Emotional eating is quite a common problem, but it shouldn’t be treated lightly. Beyond the consequences it has on your health: weight gain and any medical issues associated with it, it can also be a sign of deeper psychological problems. Food addiction is just as serious as any other type of addiction, though not all people who experience food cravings are also food addicts. Battling with emotional eating takes determination, but you can definitely come out as a winner.
No meals skipping
This is probably the most important thing to keep in mind if you’re struggling with emotional eating. Skipping meals will cause your blood sugar level to drop significantly, and you’ll begin to feel moody, depressed and sad. Once those feelings settle in, you’re one step away from digging into your favorite comfort food. To avoid any of this try and be consistent with your meals, have a light snack every 2 hours and always carry a little bag of nuts with you to nibble on when you’re feeling cranky. By having regular small but healthy meals you’re giving your body nutrients and energy so you’ll be in an cheerful mood.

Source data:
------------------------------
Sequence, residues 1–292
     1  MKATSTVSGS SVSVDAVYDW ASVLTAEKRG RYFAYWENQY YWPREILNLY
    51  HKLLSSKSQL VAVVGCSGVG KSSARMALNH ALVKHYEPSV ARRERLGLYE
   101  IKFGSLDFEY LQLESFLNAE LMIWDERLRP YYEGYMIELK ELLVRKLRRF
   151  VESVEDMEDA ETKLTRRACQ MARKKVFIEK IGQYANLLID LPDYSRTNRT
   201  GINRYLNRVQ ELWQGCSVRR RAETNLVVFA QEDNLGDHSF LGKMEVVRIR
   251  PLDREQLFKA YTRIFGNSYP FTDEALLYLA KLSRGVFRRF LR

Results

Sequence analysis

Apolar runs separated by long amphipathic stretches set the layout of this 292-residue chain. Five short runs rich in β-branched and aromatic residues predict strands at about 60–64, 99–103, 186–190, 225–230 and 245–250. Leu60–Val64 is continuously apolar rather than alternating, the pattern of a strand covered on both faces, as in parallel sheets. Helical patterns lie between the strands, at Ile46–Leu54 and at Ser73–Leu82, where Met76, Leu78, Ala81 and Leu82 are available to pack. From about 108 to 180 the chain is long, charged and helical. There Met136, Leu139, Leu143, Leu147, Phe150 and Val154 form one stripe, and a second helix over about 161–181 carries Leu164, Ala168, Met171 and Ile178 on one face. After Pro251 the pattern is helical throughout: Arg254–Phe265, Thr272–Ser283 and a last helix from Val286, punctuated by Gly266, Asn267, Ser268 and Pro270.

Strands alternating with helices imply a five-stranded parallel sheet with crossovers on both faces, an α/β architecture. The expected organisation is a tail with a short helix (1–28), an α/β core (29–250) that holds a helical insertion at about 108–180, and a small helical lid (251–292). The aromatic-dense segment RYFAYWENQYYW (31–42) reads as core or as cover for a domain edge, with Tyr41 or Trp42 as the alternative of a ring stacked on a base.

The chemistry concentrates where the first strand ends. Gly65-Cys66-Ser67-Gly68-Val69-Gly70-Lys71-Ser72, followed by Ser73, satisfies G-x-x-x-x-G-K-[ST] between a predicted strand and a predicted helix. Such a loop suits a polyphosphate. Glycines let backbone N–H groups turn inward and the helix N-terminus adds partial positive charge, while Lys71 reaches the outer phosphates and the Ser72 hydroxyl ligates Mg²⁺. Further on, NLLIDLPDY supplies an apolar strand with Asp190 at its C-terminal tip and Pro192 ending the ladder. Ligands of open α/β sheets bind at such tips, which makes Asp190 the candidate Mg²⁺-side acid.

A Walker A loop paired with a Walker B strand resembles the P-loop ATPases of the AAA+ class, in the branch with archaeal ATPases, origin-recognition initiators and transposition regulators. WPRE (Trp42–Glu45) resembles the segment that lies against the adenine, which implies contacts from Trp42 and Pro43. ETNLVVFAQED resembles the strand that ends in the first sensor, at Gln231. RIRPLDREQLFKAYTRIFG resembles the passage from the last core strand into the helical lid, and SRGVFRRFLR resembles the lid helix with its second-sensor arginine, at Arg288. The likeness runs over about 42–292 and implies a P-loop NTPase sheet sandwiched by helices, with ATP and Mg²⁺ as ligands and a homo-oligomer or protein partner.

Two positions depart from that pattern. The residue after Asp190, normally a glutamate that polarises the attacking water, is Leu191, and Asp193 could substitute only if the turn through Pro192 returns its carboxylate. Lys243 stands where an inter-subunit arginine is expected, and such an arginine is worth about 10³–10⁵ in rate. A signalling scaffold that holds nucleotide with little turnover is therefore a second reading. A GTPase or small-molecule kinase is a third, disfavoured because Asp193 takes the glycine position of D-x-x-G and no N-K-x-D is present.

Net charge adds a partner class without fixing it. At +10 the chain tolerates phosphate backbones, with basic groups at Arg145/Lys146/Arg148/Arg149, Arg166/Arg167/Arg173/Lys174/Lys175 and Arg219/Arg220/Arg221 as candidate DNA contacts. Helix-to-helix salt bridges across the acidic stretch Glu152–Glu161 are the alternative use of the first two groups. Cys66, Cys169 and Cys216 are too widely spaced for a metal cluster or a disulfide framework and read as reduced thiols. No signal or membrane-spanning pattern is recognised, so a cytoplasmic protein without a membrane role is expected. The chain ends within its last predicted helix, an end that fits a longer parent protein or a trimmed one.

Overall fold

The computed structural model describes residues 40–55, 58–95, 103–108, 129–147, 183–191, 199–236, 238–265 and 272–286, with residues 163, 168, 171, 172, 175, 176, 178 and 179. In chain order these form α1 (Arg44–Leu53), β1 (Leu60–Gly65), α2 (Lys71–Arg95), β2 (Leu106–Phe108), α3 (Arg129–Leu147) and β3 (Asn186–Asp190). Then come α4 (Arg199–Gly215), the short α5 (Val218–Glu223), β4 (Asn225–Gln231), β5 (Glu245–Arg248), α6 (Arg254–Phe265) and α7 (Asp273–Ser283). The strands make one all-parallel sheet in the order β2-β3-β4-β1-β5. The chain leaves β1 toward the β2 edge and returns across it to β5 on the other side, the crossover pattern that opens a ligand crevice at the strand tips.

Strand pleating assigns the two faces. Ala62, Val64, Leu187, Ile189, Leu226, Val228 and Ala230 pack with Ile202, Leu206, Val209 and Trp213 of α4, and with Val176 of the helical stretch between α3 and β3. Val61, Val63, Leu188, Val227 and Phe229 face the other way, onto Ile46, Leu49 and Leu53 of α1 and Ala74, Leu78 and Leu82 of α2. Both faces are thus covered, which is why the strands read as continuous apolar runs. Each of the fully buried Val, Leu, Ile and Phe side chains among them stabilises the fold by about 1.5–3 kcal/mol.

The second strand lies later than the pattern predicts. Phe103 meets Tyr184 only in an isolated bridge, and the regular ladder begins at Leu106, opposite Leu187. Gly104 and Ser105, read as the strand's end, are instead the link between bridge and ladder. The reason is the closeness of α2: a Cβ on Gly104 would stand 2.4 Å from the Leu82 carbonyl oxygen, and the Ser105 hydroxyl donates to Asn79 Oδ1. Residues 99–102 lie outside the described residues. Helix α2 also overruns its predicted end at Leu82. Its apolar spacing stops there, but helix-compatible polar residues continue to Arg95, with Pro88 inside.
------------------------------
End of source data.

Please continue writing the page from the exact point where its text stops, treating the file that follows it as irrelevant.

The importance of comfort
Basically, emotional eating means eating for reasons other than hunger: eating because you’re feeling depressed or sad and some foods bring you comfort, eating because you are bored, eating because you associate a certain type of food with a “feeling good sensation”; in how many movies you’ve seen a woman sitting on a couch, feeling sad and eating from a huge box of ice cream? Many! So by that logic, if you’re in a generally good disposition, you won’t need food to make you feel better. Every time you feel a bit down, try and make yourself comfortable in other ways: put on some nice music, cuddle up in bed with your favorite book, have a chat with your best friend and share your feelings, dance, do a bit of shopping, anything that puts a smile on your face is welcomed. By creating a relaxing atmosphere around you there will be no need for ice cream to make you feel better.
Feeling stressed out and being overwhelmed with anxiety can easily lead to emotional eating. Stress can occur due to numerous reasons: pressure at work, moving in to a new place, family problems, financial difficulties, or any combination of these factors. The best strategy in this case is to try and reduce any stress that’s interfering with your normal activities. Take deep breaths, stay calm, try and approach every problem in a rational way: work to find solutions instead of stressing over them and letting anxiety take control. This will not only prevent emotional eating but it will also significantly improve the quality of your life.